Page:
Saturday, July 30, 2011

A Challenge for Nurse Melanie

By Isabel Moore, ©1963
Cover illustration by Bob Schinella

Melanie Woods had all the qualifications of a fine nurse—intelligence, quickness and dedication. But one fault threatened her brilliant career; she placed people ahead of rules. So when Melanie, acting almost instinctively, performed an emergency tracheotomy with only a penknife and a key, the Director of Nurses gave her a final warning. Although Melanie promised to obey hospital rules in the future, could she live up to her promise when a dying man requested the one thing forbidden to him?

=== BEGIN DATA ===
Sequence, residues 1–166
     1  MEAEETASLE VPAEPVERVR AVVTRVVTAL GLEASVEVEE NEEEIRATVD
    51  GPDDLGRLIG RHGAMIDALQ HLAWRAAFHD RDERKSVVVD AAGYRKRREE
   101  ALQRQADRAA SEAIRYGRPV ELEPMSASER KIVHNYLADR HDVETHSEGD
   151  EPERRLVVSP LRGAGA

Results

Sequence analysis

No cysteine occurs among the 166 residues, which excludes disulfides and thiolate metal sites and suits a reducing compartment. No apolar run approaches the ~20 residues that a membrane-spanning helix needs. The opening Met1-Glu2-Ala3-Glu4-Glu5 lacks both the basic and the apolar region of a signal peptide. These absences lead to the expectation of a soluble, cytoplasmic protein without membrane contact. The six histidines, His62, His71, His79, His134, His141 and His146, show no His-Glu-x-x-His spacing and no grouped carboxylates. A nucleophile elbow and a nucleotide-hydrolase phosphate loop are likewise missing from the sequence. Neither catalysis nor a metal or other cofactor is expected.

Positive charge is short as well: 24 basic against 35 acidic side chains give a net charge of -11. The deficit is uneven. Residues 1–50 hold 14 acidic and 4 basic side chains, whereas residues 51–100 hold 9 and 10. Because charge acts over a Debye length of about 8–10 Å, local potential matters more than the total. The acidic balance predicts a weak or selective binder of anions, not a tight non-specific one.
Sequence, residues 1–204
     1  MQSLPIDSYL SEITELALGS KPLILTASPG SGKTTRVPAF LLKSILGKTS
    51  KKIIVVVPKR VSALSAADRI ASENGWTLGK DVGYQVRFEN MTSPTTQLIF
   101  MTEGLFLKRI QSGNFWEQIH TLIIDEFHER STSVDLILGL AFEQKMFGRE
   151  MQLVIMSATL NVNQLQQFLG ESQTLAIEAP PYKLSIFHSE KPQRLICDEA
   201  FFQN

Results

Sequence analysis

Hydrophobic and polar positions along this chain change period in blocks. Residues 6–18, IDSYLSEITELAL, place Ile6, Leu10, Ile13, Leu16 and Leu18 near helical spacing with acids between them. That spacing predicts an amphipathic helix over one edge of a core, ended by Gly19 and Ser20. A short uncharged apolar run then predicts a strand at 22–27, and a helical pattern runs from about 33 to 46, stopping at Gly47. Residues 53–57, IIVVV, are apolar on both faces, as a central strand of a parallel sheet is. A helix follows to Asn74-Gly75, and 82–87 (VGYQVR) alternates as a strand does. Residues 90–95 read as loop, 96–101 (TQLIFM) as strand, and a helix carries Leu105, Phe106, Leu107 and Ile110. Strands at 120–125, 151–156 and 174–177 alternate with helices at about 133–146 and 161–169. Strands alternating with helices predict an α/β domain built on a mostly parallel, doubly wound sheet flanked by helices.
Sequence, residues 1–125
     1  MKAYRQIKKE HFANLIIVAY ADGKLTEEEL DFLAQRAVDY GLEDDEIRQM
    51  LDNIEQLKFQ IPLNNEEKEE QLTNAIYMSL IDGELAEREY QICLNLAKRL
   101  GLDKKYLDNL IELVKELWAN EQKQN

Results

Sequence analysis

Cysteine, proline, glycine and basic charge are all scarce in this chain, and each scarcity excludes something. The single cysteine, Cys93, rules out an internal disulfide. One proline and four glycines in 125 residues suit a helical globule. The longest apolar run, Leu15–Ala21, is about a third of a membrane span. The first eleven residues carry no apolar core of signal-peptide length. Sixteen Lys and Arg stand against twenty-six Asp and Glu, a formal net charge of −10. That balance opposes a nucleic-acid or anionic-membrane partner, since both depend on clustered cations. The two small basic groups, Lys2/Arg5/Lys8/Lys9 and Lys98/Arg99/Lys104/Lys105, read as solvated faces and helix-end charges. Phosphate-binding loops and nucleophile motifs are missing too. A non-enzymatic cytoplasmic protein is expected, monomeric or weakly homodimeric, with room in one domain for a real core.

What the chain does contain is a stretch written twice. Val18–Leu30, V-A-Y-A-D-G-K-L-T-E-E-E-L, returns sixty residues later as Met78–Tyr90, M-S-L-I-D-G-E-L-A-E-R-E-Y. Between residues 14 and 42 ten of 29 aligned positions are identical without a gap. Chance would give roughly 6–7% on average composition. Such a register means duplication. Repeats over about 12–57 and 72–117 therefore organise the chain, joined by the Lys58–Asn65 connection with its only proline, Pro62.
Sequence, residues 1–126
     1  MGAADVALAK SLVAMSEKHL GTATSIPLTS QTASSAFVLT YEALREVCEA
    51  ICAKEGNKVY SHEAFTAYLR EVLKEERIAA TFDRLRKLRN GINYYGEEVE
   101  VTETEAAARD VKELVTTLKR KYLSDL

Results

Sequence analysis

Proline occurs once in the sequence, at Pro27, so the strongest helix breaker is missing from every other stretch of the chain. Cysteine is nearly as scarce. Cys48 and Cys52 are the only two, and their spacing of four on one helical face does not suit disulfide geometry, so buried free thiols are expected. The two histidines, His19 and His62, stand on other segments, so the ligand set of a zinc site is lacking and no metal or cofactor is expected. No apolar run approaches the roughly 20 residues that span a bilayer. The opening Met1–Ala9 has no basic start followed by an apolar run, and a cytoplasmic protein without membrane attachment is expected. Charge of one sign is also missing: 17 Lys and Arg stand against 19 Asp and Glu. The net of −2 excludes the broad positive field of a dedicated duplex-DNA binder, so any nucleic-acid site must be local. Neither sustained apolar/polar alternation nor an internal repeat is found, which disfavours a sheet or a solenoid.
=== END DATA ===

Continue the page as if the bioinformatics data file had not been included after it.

“A high, bateau neckline had, this year, replaced the V-neck which, Edith Roberts had decided on excellent evidence, offered much too good a view to male patients as students bent over to take a pulse or a temperature reading.”

“Now, just to shock the town if for no other reason, she deliberately wore the tightest sheaths she could squeeze into, went into a bar to drink alone if she felt like it, and allowed boys she had known before her marriage to take her out.”

“It wasn’t right, somehow, thought Sally, for such a pretty young girl to be so—well—masculine.”

“The students took their meals in the hospital cafeteria, if they felt wealthy enough to afford the fifty cents or so it cost for lunch.”